The phrase “Wilkes, Liberty, and Number forty-five” became wildly popular with John Wilkes’ political supporters after he published “Number 45” in The North Briton, his satirical newspaper that criticized the English government and royal policy. “Number 45,” criticized a speech the King gave to Parliament that praised the Treaty of Paris that ended the Seven-years War. John Wilkes gained popularity as a conservative, radical politician who stood up for the rights of the people in opposition to royal policy. After being temporarily incarcerated in the Tower of London on charges of libel against the king but subsequently released after winning the legal battle, Wilkes’ popularity exploded. John Wilkes became a symbol around which progressives and conservative radicals rallied. Many people proudly demonstrated their support for him by displaying his picture, as well as the phrase “Number 45” on various objects that were used and/or worn both inside, and more importantly, outside their homes.

As Neil McKendrick argues in the chapter ” The Commercialization of Fashion” of his book The Birth of a Consumer Society, by the year 1700, the consumer revolution had begun. While there are many factors that led to the consumer revolution, which can be argued at length, one of the results of the consumer revolution was that there people began to buy luxuries as well as necessities. Generally speaking, before the consumer revolution began in the mid-to-late 1600s, only the wealthy were able to purchase luxuries. However, from the mid-to-late 1600s on, an increasing number of people in the middling class were able to purchase non-essential goods and to take part in conspicuous consumption.[1] By the middle of the 1700s, it was very popular for people to purchase snuffboxes. While these items had a practical purpose, there was a great deal of showmanship involved in their use. People would spend large amounts of money on ornate and expensive snuffboxes, and the public display of one’s snuffbox became a popular way of showing off. Not only were many snuffboxes used a indicators of one’s wealth, but they were also used to display political affiliations.[2]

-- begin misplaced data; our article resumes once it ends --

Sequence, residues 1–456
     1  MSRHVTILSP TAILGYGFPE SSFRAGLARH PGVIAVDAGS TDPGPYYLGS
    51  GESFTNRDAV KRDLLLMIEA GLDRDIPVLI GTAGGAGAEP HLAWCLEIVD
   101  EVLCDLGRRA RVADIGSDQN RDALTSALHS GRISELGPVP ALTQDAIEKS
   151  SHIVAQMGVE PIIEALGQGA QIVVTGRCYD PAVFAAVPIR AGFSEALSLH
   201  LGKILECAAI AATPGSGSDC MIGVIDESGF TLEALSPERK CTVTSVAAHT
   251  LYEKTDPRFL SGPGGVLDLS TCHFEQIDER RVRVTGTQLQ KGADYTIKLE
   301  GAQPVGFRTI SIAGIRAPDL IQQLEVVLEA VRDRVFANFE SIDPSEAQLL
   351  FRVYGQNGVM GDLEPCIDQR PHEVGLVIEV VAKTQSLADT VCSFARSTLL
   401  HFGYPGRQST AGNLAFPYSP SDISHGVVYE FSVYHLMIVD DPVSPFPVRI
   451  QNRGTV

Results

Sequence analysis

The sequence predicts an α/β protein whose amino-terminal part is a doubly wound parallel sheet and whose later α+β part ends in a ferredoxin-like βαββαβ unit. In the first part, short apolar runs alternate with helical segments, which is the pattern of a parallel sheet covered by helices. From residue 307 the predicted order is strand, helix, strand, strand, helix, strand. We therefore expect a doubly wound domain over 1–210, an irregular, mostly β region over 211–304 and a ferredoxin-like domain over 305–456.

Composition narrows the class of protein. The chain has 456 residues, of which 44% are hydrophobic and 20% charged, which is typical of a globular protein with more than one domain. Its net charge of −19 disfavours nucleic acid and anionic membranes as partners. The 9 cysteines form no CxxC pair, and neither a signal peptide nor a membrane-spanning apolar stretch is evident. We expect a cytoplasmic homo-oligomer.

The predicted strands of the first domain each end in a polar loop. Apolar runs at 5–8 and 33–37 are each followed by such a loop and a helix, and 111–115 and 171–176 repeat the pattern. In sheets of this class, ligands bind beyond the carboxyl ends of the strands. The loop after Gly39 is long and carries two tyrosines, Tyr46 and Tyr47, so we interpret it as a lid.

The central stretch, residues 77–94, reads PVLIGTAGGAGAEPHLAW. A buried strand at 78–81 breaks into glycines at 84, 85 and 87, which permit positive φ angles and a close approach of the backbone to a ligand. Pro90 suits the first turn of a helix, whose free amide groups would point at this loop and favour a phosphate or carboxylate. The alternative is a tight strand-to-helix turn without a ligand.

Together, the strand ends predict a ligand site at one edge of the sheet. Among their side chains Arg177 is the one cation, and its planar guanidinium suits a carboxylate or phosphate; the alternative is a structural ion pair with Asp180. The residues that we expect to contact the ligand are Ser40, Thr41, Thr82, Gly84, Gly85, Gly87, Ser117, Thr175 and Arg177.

The 1765 John Wilkes-themed snuffbox, and one’s like it were used by his political supporters in the mid-1700s as public displays of political affiliation. His supporters rallied around him after his brief incarceration, and he was elected and re-elected to office multiple times despite heavy political and royal opposition. Even though his support was basically confined to Middlesex, he was a well-known political rascal who took every opportunity to oppose royal policy in what he deemed defense of the rights of his constituency and the common people.